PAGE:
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The familiar icons of the past are fading away

india Updated: Dec 13, 2009 21:59 IST

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The familiar icons of the past are fading away
This has reference to the editorial Hamara nostalgia (The Pundit, December 11). It is an emotional moment for those who owned this scooter during the ’80s because to own it then was a matter of pride. People used to book the scooter well in advance and ride to their native places. All those memories came rushing back when I heard that one of the quintessential symbols of middle-class India was to fade out soon. Most Indians from the ’80s are emotionally attached to the Bajaj scooter and the Maruti.
Bal Govind, Noida

New states will add to problems
With reference to the editorial A fast track to statehood (Our Take, December 11), it is astonishing to see how the UPA government succumbed to the pressure put on it by K. Chandrasekhar Rao and his henchmen to carve out a separate state of Telangana. The division or creation of a new state hasn’t been of any good whether it was Jharkhand, Chhattisgarh or Uttarakhand. Divergence proved to be of little help to the locals as the problem of Naxalism, poverty and dismal growth rate persist. Splitting of state is certainly not a feasible solution. Telangana by itself is not a problem, but the issues of Naxal threat and backwardness are. The Centre’s move will only pave the way for more chaos across many other states.
Megha Badoutiya, Visakhapatnam

No tax without accountability
The Delhi Municipal Corporation’s idea of taxing citizens on the basis of their incomes is illogical if not illegal (Slew of new taxes and rate hikes coming, December 10). The proposed assessment amounts to a kind of double taxation. People pay income-tax to the government and there cannot be a second tax on the same income. If some other states are doing it,
they are doing wrong thing. The Municipal Corporation of Delhi is already getting more than enough money. This measure only goes to show the thriving corruption in the organisation. In this case, there should be no taxation without accountability.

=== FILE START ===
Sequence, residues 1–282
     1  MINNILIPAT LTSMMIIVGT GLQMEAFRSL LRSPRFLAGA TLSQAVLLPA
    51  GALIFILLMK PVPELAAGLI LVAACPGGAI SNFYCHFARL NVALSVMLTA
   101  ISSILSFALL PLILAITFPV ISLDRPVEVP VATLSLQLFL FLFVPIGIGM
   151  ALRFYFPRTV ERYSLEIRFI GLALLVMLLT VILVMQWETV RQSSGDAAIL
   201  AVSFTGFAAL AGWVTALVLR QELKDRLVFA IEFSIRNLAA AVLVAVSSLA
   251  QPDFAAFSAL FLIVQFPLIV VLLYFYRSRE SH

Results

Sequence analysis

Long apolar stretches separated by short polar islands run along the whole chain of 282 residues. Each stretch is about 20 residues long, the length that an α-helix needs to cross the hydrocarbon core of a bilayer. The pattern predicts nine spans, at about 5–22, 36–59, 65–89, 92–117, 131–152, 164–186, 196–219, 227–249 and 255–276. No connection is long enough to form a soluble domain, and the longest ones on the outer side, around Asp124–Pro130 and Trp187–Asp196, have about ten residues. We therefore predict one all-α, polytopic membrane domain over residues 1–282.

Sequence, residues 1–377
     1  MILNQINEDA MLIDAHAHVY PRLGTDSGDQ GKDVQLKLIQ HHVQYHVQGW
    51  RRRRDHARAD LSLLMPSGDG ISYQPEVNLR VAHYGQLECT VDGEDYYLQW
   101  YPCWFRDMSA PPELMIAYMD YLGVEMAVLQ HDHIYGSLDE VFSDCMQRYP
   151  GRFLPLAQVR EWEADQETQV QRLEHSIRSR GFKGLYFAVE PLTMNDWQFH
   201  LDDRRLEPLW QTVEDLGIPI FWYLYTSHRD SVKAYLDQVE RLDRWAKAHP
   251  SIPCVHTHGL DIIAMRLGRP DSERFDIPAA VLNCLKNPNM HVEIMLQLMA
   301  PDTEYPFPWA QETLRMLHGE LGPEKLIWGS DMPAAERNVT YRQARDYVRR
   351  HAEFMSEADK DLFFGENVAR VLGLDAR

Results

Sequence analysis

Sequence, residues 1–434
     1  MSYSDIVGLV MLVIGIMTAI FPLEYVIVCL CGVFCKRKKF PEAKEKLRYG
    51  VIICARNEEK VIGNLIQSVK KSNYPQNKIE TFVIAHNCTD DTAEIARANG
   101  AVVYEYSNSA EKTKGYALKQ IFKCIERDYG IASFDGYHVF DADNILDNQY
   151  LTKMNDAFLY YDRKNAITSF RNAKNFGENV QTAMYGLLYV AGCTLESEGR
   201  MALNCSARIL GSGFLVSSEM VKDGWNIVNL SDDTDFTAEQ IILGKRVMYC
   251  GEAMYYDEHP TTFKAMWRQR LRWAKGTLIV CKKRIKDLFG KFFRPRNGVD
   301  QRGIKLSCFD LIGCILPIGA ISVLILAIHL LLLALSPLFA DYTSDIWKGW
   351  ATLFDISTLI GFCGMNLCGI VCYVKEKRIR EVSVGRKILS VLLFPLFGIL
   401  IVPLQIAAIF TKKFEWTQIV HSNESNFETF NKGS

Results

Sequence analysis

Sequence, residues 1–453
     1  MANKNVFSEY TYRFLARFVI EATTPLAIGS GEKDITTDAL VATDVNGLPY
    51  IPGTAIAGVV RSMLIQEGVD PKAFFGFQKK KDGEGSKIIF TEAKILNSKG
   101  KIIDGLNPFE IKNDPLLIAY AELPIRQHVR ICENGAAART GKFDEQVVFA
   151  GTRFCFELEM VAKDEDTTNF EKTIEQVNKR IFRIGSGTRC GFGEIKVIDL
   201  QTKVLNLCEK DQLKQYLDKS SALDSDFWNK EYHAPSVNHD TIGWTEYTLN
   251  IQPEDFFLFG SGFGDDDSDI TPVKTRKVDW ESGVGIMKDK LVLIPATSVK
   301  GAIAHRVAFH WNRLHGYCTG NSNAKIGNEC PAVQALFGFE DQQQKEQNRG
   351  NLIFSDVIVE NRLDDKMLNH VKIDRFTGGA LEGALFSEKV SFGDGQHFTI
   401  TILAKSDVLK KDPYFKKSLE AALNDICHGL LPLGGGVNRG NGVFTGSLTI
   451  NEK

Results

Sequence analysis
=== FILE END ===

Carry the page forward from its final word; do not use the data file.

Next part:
P. Dasgupta, via email

The proposed hike on the property tax rate by 5 per cent and unit area value by a minimum of 24 per cent is bound to raise the concerns of every household. The budget of Delhiites has already received a jolt by the hike in bus and Metro fares along with a growing rate of inflation. The development of Delhi is welcome but not at the cost of excessively burdening the populace. The government must look into the difficulties that the general public is facing.
Rajesh Kumar, via email

After Telangana, it’s Bombay
Although the people of Bombay, Konkan and Vidarbha would like to free themselves from the clutches of the Maratha rule, it is unlikely that the Marathas who dominate politics in Maharashtra would agree to give statehood to Bombay, Konkan and Vidarbha. Unlike the Marathas who are from the warrior class, the people of Bombay, Konkan and Vidarbha are in no position to challenge the dominance of the Marathas. All the people of Bombay, Konkan and Vidarbha can do is keep protesting democratically for separate states.
Adrian S, Mumbai

Meet to beat climate change
The Copenhagen summit is a landmark meet to usher in the much-needed change in the environment. Let’s hope world leaders take some concrete steps towards mitigating pollution rather than fuelling controversies. By planting more trees, imposing a ban on cutting trees and a strict regulation on carbon emissions will be helpful.
Salil Gewali, Shillong